Indeed, mosques are prevalent throughout Cairo, but were the correlations mere coincidence? One might well-speculate that the mosque at the M42/M43 region is constructed atop sacred ground as well. Sacred archaic sites have long been ideal temple locations.

Could the long-forgotten legacies of these sacred regions find their roots in the Orion and Lepus constellations? The mosques' mere locations would imply so.

In addition, their locations continue to support the celestial-terrestrial connection presented in this analysis of The Orion Pyramid Theory.




The most controversial issue concerning The Orion Pyramid Theory is the severe and tragic implications it has to dynastic assignments and canonized dating.


Along with the sequential ambiguities, the Orion connection also presents a number of questions concerning construction motivations and Egyptian technologies. Under the premises of The Orion Pyramid Theory, the ancient Egyptians had far greater astronomical and geodetic knowledge than we give them credit.

Despite such controversial claims, dogmatic dating cannot refute The Orion Pyramid Theory. When the theory is eventually verified by academic Egyptology, it will be the element of precedence. Dating will have to conform to its repercussions.

Skeptics might find it interesting that the only absolute dating analysis that has been applied to the Giza pyramids was done by Dr. Mark Lehner. Lehner is a professor at Chicago University's Oriental Institute and one of today's top Egyptological authorities. Working under the auspices of the Edgar Cayce Foundation at the time, Lehner found traces of burnt wood and ash within the gypsum mortar mixture used to seal the core stones of the Great Pyramid. It was Lehner's belief that this was material residue from campfires built by the pyramid's masons.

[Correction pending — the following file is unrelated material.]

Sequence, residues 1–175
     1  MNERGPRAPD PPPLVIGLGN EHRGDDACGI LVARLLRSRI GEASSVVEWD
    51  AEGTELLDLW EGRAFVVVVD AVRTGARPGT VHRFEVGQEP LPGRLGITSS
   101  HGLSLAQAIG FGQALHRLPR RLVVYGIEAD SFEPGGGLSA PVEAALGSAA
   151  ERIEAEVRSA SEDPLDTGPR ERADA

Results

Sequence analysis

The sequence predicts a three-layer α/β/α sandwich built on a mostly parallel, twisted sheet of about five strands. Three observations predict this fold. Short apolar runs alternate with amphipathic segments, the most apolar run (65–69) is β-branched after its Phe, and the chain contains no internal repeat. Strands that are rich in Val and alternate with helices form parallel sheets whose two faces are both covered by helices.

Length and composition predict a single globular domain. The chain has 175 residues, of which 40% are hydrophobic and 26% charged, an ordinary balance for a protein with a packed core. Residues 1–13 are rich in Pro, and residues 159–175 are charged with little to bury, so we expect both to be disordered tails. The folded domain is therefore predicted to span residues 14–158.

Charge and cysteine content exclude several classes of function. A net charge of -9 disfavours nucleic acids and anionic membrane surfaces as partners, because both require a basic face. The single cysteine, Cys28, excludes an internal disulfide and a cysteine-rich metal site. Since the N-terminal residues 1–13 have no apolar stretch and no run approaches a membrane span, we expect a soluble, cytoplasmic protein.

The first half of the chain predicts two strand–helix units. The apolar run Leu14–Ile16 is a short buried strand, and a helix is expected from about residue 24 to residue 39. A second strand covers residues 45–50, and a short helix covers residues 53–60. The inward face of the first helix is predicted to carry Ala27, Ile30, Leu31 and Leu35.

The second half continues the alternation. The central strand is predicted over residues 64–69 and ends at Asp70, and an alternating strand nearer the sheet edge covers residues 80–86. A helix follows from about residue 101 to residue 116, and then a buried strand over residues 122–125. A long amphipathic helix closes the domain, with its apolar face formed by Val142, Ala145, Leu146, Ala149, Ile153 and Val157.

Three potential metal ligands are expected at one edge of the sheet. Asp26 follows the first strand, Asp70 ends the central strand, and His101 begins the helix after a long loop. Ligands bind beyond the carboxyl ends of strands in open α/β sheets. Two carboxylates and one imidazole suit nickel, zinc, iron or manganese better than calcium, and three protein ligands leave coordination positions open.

In 1986 Lehner conducted a series of carbon-tests on this organic material. Surprisingly enough, the tests revealed dates that ran from 3809 BC to 2869 BC; averaging 400 to 450 years older than orthodox Egyptologists expected. In the PBS Nova special (1997), Lehner admitted the testing averaged 374 years earlier than the 4th Dynasty (


Even this conservative estimate places the construction of the Giza necropolis roughly 225 years after Menes unified upper and lower Egypt (which would have been an extraordinary accomplishment for such a young civilization). Point being, a definite 4th Dynasty assignment for the Giza pyramids seems presumptuous in this context.

The dates Lehner arrived at, however, do not contradict any of the assertions made in this explication.


In fact, the Orion Pyramid Theory is assisted by these absolute dates. If the Giza pyramids can be shown to have been built prior to the 3rd Dynasty, the sequential ambiguities at Zawyat Al Aryan are solved. If the Giza pyramids can be shown to have been built during, or prior to, the 1st Dynasty, the sequential ambiguities at both Zawyat Al Aryan and Abu Ruwash are solved.